The denial of unemployment benefits to the challenger, Mr. Powell, was reversed and remanded ONLY because "representatives of his choice" were not allowed to represent him at the hearing.
Mr. Powell, brought his challenge for "representation of his choice" as a due process challenge.
Even though the court did not say in so many words that Mr. Powell had a DUE PROCESS right to representation of his choice, but only a "statutory" right, it clearly seems that Mr. Powell was granted a constitutional due process challenge, because Mr. Powell DID NOT RAISE a statutory claim, only a constitutional claim.
Yet, the analysis both by the Board that denied Mr. Powell representation by two men with suspended law licenses, which was not clearly addressed by the Judge, was bizarre and presents a separate equal protection problem, for Mr. Powell's representatives.
This is what the court said about the Board's claimed grounds to bar Don Bailey and Andy Ostrowski from representing Mr. Powell before the unemployment benefits panel:
First of all, the word combinations "suspended attorney" or "disbarred attorney" is a legal oxymoron, these two words are legally incompatible.
The correct way of putting it, not to obscure the legal status of the person described is "a NON-attorney whose law license was suspended or disbarred".
By calling such people "suspended attorneys", or "disbarred attorneys", the implication is made that the legal status of such people differs from those who were never licensed to practice law to begin with.
And that is exactly how the Board interprets the statute:
- Non-attorneys are allowed to represent clients at the unemployment benefits proceedings, and
- "suspended attorneys" cannot,
Then the court, stunningly, states that whether such representation did or did not constitute the practice of law, is not the question to be decided by the court, BECAUSE representation by non-attorneys is allowed.
Yet, such a ruling presents an inherent conflict, because non-attorneys MAY NOT be allowed to engage in what constitutes the practice of law, where such a thing is prohibited by a criminal statute, unauthorized practice of law, UPL, so what is allowed to non-attorneys, DOES NOT, as a matter of law, constitute the practice of law.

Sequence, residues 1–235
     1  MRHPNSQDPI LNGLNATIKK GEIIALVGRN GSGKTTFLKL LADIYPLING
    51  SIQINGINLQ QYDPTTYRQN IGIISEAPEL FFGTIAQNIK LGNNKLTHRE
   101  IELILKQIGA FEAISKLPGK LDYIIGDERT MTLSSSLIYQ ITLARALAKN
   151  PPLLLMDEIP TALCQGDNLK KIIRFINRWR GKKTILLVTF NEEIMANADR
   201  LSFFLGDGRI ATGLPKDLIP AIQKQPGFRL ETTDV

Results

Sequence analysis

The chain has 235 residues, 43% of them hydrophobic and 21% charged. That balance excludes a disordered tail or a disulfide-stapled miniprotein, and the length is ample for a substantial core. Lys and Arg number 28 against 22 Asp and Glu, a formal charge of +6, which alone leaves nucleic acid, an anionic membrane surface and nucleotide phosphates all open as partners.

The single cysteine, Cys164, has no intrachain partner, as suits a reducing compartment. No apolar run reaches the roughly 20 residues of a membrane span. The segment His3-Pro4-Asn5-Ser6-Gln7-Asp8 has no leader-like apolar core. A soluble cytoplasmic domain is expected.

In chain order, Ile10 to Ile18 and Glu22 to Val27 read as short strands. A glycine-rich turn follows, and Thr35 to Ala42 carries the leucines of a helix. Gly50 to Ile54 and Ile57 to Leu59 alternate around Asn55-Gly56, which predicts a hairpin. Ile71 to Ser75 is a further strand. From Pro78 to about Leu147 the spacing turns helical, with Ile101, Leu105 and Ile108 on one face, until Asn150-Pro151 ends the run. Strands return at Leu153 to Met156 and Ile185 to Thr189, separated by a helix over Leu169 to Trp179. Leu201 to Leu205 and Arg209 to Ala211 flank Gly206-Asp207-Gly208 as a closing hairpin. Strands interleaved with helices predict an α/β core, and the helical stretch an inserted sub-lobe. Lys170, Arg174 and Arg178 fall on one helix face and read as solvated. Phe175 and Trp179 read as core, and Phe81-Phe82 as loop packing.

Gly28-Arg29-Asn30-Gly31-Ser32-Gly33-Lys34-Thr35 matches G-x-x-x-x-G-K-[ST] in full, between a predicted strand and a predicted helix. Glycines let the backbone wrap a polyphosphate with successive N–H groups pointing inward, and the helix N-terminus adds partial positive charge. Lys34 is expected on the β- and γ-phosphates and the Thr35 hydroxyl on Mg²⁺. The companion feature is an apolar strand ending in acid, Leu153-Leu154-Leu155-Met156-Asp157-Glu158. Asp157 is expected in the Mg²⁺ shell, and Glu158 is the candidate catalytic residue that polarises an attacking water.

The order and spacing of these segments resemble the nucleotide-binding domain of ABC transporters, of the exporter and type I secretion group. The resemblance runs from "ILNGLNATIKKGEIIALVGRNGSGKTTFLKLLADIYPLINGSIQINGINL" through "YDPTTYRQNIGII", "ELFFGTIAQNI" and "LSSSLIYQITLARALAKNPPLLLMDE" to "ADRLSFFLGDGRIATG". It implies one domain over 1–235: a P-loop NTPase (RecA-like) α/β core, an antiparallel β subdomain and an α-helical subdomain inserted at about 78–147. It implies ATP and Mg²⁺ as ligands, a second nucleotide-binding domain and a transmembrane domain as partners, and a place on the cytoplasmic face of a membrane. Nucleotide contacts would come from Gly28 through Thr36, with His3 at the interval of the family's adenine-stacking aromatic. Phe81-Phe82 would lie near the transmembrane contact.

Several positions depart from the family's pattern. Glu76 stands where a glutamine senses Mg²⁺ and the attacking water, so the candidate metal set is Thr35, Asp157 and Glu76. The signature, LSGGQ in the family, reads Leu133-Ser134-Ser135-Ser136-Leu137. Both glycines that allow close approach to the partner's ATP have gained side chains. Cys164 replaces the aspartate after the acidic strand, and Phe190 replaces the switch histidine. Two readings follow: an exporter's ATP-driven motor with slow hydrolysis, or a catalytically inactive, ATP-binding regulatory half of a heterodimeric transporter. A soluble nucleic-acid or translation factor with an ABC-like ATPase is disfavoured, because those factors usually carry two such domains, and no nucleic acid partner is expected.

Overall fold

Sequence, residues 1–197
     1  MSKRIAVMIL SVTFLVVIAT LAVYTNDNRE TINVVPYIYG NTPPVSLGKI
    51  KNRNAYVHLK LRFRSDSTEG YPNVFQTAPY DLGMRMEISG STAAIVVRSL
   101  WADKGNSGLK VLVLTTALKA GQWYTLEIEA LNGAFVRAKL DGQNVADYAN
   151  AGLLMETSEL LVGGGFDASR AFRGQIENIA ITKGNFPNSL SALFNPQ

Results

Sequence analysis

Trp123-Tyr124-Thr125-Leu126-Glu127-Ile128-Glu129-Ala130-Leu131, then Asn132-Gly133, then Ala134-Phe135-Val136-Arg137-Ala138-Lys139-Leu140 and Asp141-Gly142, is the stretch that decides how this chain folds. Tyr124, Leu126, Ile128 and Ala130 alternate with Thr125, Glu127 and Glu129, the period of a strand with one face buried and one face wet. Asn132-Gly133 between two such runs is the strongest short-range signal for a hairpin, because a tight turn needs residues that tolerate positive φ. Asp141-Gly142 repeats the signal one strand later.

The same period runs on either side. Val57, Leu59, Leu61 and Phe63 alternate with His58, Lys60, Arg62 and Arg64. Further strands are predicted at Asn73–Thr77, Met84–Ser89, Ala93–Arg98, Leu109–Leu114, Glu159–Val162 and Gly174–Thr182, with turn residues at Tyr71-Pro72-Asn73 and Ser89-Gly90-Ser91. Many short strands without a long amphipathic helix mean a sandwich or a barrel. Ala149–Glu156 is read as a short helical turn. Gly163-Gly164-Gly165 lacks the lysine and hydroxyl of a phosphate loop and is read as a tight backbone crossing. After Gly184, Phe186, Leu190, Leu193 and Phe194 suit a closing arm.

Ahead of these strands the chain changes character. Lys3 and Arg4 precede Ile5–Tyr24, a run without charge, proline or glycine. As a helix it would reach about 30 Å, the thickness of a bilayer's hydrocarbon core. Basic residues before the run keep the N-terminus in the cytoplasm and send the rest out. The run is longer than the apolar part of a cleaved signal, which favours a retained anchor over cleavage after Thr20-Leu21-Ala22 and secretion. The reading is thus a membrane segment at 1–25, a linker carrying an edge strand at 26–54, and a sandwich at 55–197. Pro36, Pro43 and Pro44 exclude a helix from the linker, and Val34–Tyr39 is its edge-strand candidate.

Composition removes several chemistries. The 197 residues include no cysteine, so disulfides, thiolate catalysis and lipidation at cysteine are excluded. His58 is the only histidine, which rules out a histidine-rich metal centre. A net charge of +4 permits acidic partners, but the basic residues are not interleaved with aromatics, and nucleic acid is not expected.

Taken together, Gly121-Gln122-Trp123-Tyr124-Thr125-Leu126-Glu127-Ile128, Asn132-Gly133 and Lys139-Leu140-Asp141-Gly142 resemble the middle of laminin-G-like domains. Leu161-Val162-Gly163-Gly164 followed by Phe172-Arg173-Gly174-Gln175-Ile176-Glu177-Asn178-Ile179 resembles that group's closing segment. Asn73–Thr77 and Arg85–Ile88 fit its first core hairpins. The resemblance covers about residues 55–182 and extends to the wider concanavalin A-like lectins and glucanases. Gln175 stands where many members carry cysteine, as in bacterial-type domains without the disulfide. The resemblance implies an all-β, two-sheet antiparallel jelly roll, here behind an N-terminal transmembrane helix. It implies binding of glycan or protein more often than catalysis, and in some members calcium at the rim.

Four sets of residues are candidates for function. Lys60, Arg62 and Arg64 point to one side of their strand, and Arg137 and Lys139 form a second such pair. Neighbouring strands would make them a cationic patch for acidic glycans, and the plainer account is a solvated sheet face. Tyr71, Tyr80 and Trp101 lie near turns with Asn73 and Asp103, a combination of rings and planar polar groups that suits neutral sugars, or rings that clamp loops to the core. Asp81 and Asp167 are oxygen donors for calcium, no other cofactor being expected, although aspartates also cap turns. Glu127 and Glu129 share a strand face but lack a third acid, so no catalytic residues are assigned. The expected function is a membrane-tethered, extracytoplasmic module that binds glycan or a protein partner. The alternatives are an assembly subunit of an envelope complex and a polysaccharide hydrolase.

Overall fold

Then, the court which has the right to interpret the Disciplinary rules against attorneys, refused to do so and stated simply that the Board had no business relying upon the Disciplinary rules instead of the governing statute in deciding the question of representation of Mr. Powell, and used the threatening word combination "potential disciplinary violation" in relation of the individuals chosen by Mr. Powell to represent him.
The court was correct to say that it was improper (actually, a due process violation, but the court was apparently afraid to say so, not to show that the case is decided on constitutional grounds) to sanction one individual for actions of another.
Yet, the court was incorrect to deem what did not constitute the practice of law as a "potential violation" of disciplinary rules for Mr. Bailey and Mr. Ostrowski.
Thus, the court, at the very time, took from Mr. Powell with the left hand what it was giving with the right hand.
It allowed TO MR. POWELL representation by Mr. Bailey and Mr. Ostrowski, but left open the question whether, by such representation, Mr. Bailey and Mr. Ostrowski will be engaging in unauthorized practice of law that could lead them into a DOUBLE criminal prosecution - for UPL and for contempt of the court order of suspension.
So, for Mr. Powell to get representation of his choice, Mr. Bailey and Mr. Ostrowski should either plunge head on into his representation and risk criminal prosecution afterwards, or file pre-enforcement actions in federal court as a matter of equal protection of laws, claiming that licensing authorities may not take from them MORE THAN LICENSING GAVE THEM - their license, and the rights it gives.
The decision is still a victory, even though a bittersweet victory.
The importance of it is still the wording that Mr. Powell has his right to "representation of his choice" that gives a rise to equal protection challenge for litigants in other forums where they cannot afford a licensed attorney and want representation by a person of their choice.
And, at the same time, by its vague, dubious and wiggly ruling that Mr. Powell can use Mr. Bailey's and Mr. Ostrowski's services, but Mr. Bailey and Mr. Ostrowski may still be exposed to violation of a court order of suspension for unauthorized practice of law, interpreted for "suspended attorneys" in a broader way than for people who were never licensed to practice law to begin with.